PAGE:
**A Query-Optimal Algorithm for Finding Counterfactuals** (by Guy Blanc, Caleb Koch, Jane Lange, Li-Yang Tan)(arXiv) Given an abstract space \(X^d\), an instance \(x^* \in X^d\) and a model \(f\) (which you think of as a boolean function over \(X^d\)), a point \(x’ \in X^d\) is called a counterfactual to \(x^*\) if \(x^*, x’\) differ in few features (i.e., have a small Hamming distance) and \(f(x^*) \neq f(x’)\). Ideally, you would like to find counterfactuals that are as close to each other in Hamming Distance. The main result of this paper is the following: Take a monotone model \(f \colon \{0,1\}^d \to \{0,1\}\), an instance \(x^* \in \{0,1\}^d\) with small sensitivity (say \(\alpha\)). Then there exists an algorithm that makes at most \(\alpha^{\Delta(x^*)}\) queries to \(f\) and returns all optimal counterfactuals of \(f\). Here \(\Delta(x^*) = \min_{x \in \{0,1\}^d} \{\Delta_H(x, x^*) \colon f(x) \neq f(x^*) \}\). The paper also proves a matching lower bound on query complexity which is obtained by some monotone model \(f\).

**A Sublinear-Time Quantum Algorithm for Approximating Partition Functions** (by Arjan Cornelissen and Yassine Hamoudi)(arXiv) For the classical Hamiltonian \(H \colon \Omega \to \{0,1, \ldots, n\}\), at inverse temperature \(\beta\), the probability, under the so-called Gibbs distribution, assigned to a state \(x \in \Omega\) is proportional to \(\exp(-\beta H(x))\). The partition function is given by \(Z(\beta) = \sum_{x \in \Omega} \exp(-\beta H(x))\). At high temperatures (or low values of \(\beta\)) the partition function is typically easy to compute. However, the low-temperature regime is often challenging. You use MCMC methods to compute \(Z(\infty)\). In particular, you write this as the following telescoping product \(Z(\infty) = Z(0) \cdot \prod_{i = 0}^{i = \ell – 1} \frac{Z(\beta_{i+1})}{Z(\beta_i)}\) where \(0 = \beta_1 < \beta_2 < \ldots < \beta_{\ell} = \infty\) is some increasing sequence of inverse temperatures with limited fluctuations in Gibbs distribution between two consecutive values and you use MCMC methods to estimate each of the \(\ell\) ratios in the above product. The main result of this paper presents a quantum algorithm that on input a Gibbs distribution generated by a Markov Chain with a large spectral gap performs sublinearly few steps (in size of the logarithm of the state space) of the quantum walk operator and returns a \(\pm \varepsilon Z(\infty)\) additive estimate to \(Z(\infty)\).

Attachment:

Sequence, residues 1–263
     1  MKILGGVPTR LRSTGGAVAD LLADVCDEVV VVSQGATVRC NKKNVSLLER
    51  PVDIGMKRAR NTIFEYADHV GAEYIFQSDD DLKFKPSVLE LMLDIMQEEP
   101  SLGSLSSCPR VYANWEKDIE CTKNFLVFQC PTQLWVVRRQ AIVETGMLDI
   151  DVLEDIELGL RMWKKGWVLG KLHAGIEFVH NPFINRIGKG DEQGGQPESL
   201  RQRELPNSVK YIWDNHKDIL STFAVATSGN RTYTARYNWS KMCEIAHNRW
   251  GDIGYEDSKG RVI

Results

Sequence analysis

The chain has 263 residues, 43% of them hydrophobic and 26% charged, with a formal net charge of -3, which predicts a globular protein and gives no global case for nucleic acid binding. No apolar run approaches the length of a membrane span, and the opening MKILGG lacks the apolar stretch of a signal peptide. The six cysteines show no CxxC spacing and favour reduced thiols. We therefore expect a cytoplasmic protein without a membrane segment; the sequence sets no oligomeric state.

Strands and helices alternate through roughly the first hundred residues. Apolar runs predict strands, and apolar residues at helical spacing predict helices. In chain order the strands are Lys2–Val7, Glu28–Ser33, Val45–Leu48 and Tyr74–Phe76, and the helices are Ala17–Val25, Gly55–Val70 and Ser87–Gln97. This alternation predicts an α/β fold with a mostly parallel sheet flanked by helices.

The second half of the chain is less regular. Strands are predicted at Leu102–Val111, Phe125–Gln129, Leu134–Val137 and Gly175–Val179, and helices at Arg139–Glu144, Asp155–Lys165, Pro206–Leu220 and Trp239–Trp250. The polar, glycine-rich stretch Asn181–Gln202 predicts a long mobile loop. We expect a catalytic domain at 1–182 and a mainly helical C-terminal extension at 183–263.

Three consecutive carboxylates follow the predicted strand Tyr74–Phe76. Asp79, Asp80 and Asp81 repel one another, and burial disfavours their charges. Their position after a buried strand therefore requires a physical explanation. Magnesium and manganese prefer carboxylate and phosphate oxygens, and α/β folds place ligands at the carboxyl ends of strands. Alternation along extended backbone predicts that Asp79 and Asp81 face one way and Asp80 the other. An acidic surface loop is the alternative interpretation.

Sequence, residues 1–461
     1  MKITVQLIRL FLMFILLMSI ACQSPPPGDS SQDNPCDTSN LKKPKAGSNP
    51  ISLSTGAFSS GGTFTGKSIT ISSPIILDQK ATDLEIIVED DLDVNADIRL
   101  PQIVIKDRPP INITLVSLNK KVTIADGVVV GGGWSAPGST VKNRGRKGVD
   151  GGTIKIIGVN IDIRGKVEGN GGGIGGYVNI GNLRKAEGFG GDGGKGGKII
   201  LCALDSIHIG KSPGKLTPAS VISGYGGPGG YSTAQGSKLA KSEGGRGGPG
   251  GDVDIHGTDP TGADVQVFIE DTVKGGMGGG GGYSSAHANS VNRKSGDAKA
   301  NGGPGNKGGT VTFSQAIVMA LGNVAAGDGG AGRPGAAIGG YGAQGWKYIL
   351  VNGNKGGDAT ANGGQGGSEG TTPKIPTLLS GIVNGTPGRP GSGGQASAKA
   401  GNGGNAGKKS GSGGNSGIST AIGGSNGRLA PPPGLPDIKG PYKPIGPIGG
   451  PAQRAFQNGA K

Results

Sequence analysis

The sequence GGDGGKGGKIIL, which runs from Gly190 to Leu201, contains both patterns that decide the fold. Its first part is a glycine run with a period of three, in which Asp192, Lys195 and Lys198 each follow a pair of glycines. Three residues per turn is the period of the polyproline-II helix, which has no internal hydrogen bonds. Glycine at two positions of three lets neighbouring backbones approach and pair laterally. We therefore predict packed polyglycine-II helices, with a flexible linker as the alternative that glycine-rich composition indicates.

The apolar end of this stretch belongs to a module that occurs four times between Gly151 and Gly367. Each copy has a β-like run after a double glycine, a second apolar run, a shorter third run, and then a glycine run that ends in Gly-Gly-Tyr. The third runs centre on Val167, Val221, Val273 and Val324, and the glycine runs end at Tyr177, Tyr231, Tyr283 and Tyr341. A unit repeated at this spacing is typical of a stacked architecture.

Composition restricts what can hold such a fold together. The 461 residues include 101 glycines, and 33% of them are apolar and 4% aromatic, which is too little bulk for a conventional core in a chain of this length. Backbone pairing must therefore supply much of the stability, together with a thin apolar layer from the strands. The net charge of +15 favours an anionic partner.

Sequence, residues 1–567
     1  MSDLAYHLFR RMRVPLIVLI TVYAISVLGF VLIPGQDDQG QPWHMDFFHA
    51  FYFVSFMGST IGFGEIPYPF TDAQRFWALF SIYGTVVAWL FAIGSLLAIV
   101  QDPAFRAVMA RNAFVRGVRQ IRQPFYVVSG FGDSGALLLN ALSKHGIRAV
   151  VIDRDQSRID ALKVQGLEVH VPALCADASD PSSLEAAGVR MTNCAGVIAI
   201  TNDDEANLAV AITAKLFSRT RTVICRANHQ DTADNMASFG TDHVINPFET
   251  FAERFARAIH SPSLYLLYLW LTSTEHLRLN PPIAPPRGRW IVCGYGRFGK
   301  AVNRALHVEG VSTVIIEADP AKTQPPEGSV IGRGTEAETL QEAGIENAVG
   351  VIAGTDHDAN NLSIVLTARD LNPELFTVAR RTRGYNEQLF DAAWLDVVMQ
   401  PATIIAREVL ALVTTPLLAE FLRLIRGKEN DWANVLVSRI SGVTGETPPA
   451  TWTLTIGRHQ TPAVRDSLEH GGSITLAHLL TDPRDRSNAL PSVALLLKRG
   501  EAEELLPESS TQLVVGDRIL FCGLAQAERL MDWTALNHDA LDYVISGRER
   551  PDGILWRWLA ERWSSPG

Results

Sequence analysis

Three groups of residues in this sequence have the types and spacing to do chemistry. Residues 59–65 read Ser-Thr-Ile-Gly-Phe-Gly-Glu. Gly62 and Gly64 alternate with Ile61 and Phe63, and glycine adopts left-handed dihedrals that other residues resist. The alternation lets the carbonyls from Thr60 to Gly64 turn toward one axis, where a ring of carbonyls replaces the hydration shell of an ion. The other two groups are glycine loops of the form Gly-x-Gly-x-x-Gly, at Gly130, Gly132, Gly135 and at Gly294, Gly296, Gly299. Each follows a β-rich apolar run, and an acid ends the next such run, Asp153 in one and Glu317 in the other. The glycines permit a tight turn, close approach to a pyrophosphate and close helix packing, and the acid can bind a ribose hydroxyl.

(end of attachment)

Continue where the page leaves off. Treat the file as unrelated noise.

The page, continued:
**A Near-Cubic Lower Bound for 3-Query Locally Decodable Codes from Semirandom CSP Refutation** (by Omar Alrabiah, Venkatesan Guruswami, Pravesh Kothari, and Peter Manohar)(ECCC) If you made it till here, it is time for a treat. Let us close (hopefully, I did not miss any papers this time!) with a breakthrough in Locally Decodable Codes. So, for 2-query LDCs, we know fairly tight bounds on the block length. For 3-query LDCs, on the other hand, we know a sub-exponential upper bound on the block length. However, the best-known lower bound on the block length was merely quadratic. The featured paper improves this to a cubic lower bound on the block length. The main tool used to achieve this is a surprising connection between the existence of locally decodable codes and the refutation of Boolean CSP instances with limited randomness. This looks like a fantastic read to close off this month’s report!